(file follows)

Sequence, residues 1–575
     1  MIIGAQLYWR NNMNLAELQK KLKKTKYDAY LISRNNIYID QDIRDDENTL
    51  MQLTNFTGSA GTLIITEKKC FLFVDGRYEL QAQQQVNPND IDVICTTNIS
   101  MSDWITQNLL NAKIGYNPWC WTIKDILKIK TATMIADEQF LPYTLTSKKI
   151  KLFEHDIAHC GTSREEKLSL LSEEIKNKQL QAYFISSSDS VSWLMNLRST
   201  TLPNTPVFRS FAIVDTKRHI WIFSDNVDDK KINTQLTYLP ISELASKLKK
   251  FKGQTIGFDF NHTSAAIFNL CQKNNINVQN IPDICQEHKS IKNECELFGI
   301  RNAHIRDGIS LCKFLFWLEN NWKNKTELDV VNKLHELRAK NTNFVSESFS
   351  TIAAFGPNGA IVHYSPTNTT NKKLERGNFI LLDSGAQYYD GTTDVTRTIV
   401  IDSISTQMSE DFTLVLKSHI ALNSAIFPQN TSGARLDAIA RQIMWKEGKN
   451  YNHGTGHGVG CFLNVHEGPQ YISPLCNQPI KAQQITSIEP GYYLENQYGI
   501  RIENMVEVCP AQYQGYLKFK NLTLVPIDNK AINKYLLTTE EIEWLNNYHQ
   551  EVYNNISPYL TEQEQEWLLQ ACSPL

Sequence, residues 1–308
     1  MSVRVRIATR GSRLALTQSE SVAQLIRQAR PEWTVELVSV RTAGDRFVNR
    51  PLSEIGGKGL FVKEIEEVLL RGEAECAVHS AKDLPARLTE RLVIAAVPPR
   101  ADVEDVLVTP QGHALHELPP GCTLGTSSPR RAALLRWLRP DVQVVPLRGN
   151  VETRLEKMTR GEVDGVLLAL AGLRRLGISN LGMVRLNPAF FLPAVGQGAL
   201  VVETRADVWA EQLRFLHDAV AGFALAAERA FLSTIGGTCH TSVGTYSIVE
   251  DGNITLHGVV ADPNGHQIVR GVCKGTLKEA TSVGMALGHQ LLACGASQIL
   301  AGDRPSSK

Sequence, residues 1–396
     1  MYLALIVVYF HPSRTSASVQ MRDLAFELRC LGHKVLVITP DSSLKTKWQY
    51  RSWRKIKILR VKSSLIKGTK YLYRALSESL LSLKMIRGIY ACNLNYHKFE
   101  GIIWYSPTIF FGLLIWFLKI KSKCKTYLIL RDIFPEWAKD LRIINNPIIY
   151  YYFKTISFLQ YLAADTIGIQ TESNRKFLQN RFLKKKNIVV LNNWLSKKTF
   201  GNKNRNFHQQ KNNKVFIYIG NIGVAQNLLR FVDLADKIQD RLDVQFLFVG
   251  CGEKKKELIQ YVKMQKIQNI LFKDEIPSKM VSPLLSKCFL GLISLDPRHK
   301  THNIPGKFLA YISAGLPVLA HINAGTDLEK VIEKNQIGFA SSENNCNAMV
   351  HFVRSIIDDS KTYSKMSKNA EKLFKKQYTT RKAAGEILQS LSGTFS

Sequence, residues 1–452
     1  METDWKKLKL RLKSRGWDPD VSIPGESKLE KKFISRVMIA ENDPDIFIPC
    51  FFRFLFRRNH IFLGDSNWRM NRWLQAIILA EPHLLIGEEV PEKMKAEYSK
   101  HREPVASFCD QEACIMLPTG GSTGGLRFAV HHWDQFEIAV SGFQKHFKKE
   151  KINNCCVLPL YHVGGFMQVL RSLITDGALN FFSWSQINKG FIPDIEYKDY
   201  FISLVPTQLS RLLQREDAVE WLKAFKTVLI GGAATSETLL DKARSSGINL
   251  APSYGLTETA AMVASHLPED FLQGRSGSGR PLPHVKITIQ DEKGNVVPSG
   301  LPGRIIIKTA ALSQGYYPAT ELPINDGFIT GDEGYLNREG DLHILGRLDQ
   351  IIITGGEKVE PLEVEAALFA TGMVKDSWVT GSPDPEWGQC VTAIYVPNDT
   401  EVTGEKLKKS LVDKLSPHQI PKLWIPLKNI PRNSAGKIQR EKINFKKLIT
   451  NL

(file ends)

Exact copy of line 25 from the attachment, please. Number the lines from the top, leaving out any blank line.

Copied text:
   101  GIIWYSPTIF FGLLIWFLKI KSKCKTYLIL RDIFPEWAKD LRIINNPIIY